Richie Santiago returned to his dominant winning ways at CES 53 in first week of November.
CES 53 Post-Fight Interview: Richie Santiago
Santiago broke two on-going streaks when his hand was raised inside of the CES cage. The first was an extended layoff. CES 53 represented the first MMA competition for Santiago since April at CES 49. Coincidently, CES 49 happened to be the first loss on the Milford fighters record. After rattling off six consecutive victories, all by stoppage, Santiago fell to Matt Almy on the main card of the April CES event.
At CES 53, Santiago defeated New England MMA veteran, Billy Giovanella. He did so, yet again, in dominant fashion. Once the bout began, Giovanella spent little time in striking range. In the opening seconds, the experienced Connor’s MMA fighter shot in on a single leg.
On paper, such a decision does not lead to a desirable outcome when facing an experienced wrestler. As expected, Santiago sprawled out and earned top position. Giovanella drowned in the top pressure of Santiago before giving up his back and tapping to rear-naked choke.
“I didn’t think he was going to shoot right away. That actually took me off guard. I was planning on feeling him out a little bit, and I wanted to strike with him a little bit. See what was going to happen. I thought he was going to try and strike with me, but right away he shot in on a single leg and right away I sprawled it out. It worked out for me, he tried to take me down but that is what happens.”
When it came to the game plan, the early takedown attempt was not expected by Santiago. His expectation and plan were to stay on the feet. Santiago more-so expected to read his opponent, to follow him into whatever domain he wished to enter.
“I wanted to do whatever, just take what he gives me. I felt confident on my feet, I felt like either way I could finish him, on the ground or on the feet. You know I am still looking for that big knockout, I’ve never knocked anybody out so that would have been cool. But, he shot in on me and I was ready for it. Once we went to the ground, that’s so natural to me so I finished it.”
UFC and the Flyweight Division
Although the emotion following the fight, even weeks later was that of elation, news from the UFC altered those feelings slightly. After his victory, news broke that the UFC will dissolve the men’s flyweight division. The news came as a shock to Santiago.
“It sucks, it is awful. There is a lot of guys like me, we are busting our ass out here and we are trying to make it. [With] the UFC cutting the (flyweight) division, that’s the weight class where I had the best chance of making it to the UFC. On top of that, like I said, I had a really tough weight cut this time around. Now that they are cutting the weight class, it’s kind of like, ‘alright, well am I killing myself to make this weight class for no reason? Is there no light at the end of the tunnel?’
It really took me off guard and it kind of heartbreaking because it’s always the weight class I wanted to fight at. Now, they just want to get rid of it so it’s kind of like, ‘what do I do?’ ‘Do I move up now? Do I keep fighting at (flyweight) and try to win the (flyweight) belt?’ I don’t know, I don’t know. It’s still so new, so we will see what happens.”
The options for Santiago become slim at 125 lbs. especially in North America. Without a flyweight division in the UFC, work at the higher levels of North American mixed martial arts is scarce. Bellator doesn’t have a flyweight division, nor does PFL. Combates Americas is the largest North American promotion to hold such a division. To continue fighting at 125 lb. limit, Rizin and ONE Championship become the best options.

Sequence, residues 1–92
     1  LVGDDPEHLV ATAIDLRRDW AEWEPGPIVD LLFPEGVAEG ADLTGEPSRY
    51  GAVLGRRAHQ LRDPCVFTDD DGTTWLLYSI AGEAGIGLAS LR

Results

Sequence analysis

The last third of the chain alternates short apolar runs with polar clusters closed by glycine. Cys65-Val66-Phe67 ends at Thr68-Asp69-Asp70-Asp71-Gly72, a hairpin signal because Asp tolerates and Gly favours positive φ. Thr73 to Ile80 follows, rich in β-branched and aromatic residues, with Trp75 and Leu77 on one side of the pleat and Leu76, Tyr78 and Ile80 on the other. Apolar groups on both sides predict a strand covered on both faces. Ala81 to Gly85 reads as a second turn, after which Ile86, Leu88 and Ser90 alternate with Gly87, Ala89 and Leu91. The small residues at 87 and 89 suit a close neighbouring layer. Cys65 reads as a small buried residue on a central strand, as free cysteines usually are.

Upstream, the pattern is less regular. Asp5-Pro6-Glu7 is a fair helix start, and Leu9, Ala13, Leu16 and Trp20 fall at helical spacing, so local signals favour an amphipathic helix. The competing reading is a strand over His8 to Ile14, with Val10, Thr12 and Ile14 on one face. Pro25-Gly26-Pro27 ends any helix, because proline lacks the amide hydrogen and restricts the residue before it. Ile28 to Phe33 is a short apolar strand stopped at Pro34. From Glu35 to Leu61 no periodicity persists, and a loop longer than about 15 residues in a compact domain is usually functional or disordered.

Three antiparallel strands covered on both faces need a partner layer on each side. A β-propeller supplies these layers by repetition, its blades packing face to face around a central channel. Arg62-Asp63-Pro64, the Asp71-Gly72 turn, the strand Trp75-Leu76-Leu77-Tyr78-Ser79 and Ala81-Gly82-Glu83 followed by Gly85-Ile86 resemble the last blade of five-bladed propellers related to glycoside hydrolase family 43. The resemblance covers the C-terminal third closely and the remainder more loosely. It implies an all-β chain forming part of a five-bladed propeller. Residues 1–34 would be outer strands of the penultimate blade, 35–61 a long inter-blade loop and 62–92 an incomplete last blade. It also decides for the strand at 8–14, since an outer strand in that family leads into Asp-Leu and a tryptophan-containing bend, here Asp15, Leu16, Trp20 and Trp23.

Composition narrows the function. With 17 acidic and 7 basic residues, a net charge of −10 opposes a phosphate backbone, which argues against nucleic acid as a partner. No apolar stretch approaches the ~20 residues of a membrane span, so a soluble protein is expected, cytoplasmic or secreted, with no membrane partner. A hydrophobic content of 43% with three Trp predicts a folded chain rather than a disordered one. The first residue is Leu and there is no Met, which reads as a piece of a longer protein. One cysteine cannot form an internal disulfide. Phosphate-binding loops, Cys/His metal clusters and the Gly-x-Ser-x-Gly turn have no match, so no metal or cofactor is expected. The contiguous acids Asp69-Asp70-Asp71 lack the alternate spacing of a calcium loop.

“Now it could get to the point where that’s my only option. ONE (Championship) is a great promotion, they are out in Asia. [But] do I want to go out and fight in Asia everytime I go out to fight? I don’t know, I hate planes. That’s a 16-hour plane ride to get to Singapore. Do I want to commit to that? I don’t know, yet. I can’t say anything bad about ONE (Championship) they are a great promotion. They are very heavily invested in the small guys, they have the (flyweight) guys, they also have the (strawweight) guys. Who knows, in the future it could be something to look at but right now I am just so blindsided by the UFC cutting (the flyweight division) that it’s like, ‘what do I do?’”
Another option that remains; moving up in weight and becoming a bantamweight. At 5’7, Santiago is a large flyweight. As a bantamweight, he would be in the dead center of average body types and size. Also on his side is age, the 26-year-old is still yet to hit his athletic prime.
Possible Move to Bantamweight
Moving to bantamweight is on the mind of Santiago. After an unsuccessful weight cut ahead of CES 53, one that saw him miss weight by 2 lbs., the thoughts began to creep into his mind.
“Honestly, this past weight cut was tough enough to where I did have the thoughts. But having in the back of head, ‘I win this fight, fight for a title maybe, and then get on the ‘Contender Series’, and then maybe go to the UFC, all at (flyweight). That is my weight class. But at the same time, I cut like 25 lbs. to make (flyweight). It’s a really tough cut, I could move up to (bantamweight). I don’t think I am too small for (bantamweight). It could be something that I entertain in the future, put on some weight, start lifting more. But again like I said, it’s so new right I really don’t know what I am going to do yet. We will see.”
As it stands, the future is unclear. Santiago wishes to return soon but his next move is unknown. The options are seemingly endless for the Milford-born fighter.